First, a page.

In the end the vote was in favour whichever way you cut it and chairmen always get proxies given to them by shareholders who either don’t care, don’t know enough about it, or trust the chairman with their vote..

It’s a great deal for BHP, the option was to stay still (dangerous if not fatal) or grow organically (new mines, at what cost and in what time frame?) or do some magic takeovers (ditto)

Move on, this caravan has passed.

Regards, Malcolm

Crikey: Deutsche Bank is saying the merger means they’ve lowered their BHP price target from $28 to $26. A transfer of $5 billion in value is bad no matter what the share price is doing because it would have been doing even more. Methinks Malcolm is in the category of shareholders that never complain as long as they are making money. This was the biggest vote in corporate history and we have a right to see a proper breakdown of the figures. That said, appreciate caravan has moved on.

Gutnick not the only bad President

You say that if Joe Gutnick falls “Technicality” John Elliott is the last remaining AFL club president who is not fit to hold the position. Graeme McMahon is fast becoming a member of that odious class.

The disgraceful decision to lock out AFL members and other football supporters from this Saturday’s game (with the connivance of the AFL) confirms what many people thought when Docklands was mooted. The stadium is a cynical exercise in making money out of football by locking people out. The sad thing is that the financial and football press failed to make any objective comment at the time, and accepted the AFL and Docklands line hook line and sinker. There may have been an excuse for Seven and The Hun given their financial interests in Docklands, but the ABC, The Age and 3AW were very remiss in their uncritical attitude, with The Age going to the extent of publishing several separate full page items of flackery verbatim.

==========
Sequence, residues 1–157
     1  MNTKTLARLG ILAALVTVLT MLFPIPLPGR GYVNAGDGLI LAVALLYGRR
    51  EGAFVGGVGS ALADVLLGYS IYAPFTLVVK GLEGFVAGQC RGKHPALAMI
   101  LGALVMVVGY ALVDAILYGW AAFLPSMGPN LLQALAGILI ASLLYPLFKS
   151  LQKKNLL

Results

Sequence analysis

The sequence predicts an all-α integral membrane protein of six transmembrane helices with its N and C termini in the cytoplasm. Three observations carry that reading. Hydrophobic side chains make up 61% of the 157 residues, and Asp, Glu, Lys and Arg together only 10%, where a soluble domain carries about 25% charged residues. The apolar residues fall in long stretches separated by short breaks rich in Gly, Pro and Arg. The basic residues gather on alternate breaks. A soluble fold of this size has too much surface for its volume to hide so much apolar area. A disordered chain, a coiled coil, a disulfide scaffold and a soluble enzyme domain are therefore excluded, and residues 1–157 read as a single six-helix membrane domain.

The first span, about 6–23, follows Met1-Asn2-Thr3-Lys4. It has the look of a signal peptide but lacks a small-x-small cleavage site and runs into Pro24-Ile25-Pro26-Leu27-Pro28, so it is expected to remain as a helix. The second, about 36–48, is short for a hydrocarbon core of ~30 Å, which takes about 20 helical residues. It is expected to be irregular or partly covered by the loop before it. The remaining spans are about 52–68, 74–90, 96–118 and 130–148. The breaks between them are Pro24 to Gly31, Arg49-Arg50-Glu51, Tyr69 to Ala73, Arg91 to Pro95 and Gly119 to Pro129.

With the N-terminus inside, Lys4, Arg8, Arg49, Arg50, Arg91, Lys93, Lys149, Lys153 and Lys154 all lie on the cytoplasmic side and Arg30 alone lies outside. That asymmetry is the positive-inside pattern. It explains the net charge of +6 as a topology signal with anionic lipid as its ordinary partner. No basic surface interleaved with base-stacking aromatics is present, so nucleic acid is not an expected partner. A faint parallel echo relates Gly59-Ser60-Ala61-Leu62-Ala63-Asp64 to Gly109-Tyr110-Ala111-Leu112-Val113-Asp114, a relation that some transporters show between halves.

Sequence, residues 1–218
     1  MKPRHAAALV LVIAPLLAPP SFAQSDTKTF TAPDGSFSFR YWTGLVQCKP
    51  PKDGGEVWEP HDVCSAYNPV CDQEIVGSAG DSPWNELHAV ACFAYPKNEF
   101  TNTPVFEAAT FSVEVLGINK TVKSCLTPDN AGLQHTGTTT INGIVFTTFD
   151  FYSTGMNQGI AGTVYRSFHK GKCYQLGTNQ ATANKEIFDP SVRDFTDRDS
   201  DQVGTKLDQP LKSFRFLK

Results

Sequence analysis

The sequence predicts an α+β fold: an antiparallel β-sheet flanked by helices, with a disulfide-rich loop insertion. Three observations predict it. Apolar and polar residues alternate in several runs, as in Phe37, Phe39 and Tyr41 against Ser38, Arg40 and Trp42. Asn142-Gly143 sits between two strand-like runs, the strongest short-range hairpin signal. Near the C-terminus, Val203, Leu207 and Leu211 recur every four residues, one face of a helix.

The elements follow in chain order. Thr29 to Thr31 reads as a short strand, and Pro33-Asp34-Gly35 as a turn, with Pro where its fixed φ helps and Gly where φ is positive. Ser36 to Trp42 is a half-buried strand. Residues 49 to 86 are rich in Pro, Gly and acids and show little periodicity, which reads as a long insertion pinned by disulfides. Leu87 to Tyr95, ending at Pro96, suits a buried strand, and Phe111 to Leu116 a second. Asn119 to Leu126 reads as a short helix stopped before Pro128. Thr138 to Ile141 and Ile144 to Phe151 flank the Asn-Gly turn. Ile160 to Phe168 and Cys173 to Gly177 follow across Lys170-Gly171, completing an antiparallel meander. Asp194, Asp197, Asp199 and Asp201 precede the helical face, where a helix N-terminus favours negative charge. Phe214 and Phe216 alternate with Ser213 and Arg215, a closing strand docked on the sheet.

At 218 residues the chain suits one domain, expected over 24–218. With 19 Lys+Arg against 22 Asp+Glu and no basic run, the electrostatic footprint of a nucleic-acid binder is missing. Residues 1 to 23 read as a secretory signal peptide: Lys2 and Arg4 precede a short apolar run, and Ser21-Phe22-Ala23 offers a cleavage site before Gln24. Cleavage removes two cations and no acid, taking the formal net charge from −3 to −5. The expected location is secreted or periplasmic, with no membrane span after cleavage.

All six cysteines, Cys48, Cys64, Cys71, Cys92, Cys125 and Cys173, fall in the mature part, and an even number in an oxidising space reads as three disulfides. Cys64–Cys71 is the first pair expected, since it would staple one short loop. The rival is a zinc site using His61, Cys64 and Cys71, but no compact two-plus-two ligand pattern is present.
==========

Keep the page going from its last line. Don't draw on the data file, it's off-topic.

The winners out of Docklands appear to be Essendon (who run most of the souvenir stalls) and the AFL (who retain members’ subscriptions without any obligation to use them to keep Waverley Park up to scratch).

The losers are AFL members (who have a reserve holding 20,000 plus at the MCG, and had a similar sized reserve at Waverley) and happily the investors whose basic arithmetic was so poor that they could not see that the cash flows required to finance the $450,000,000 stadium and return them a profit were extremely unlikely to be achieved.

I have anecdotal evidence that the AFL employed professional canvassers to get AFL members to renew long after the expiry date. Given the treatment of AFL members at last year’s grand final where the Medallion Club members were given preference over long standing AFL members for entry to the reserve resulting in many members being locked out it is not surprising that AFL members are reconsidering the value of their membership.

Given he experience of AFL members with the replacement of Waverley by Docklands, many MCC members have concerns that the proposed rebuilding of the Olympic, Pavilion and Ponsford stands at the MCG will disadvantage them in several ways.

It has already been suggested that subscriptions will increase markedly (say doubled over five years), that a special reserve will be set up a la medallion club, and that the capacity of the ground may be less than currently (having been reduced from 121,000 to 95,000 over the last 30 years by replacing much of the standing room with corporate facilities). This suspicion is well founded, given that the stated capacity at Docklands (54,000) has never been achieved. The biggest crowd recorded at the ground is just over 47,000 and observers at the ground could not see where any more people would fit in. There are about 800-1000 obscured view seats.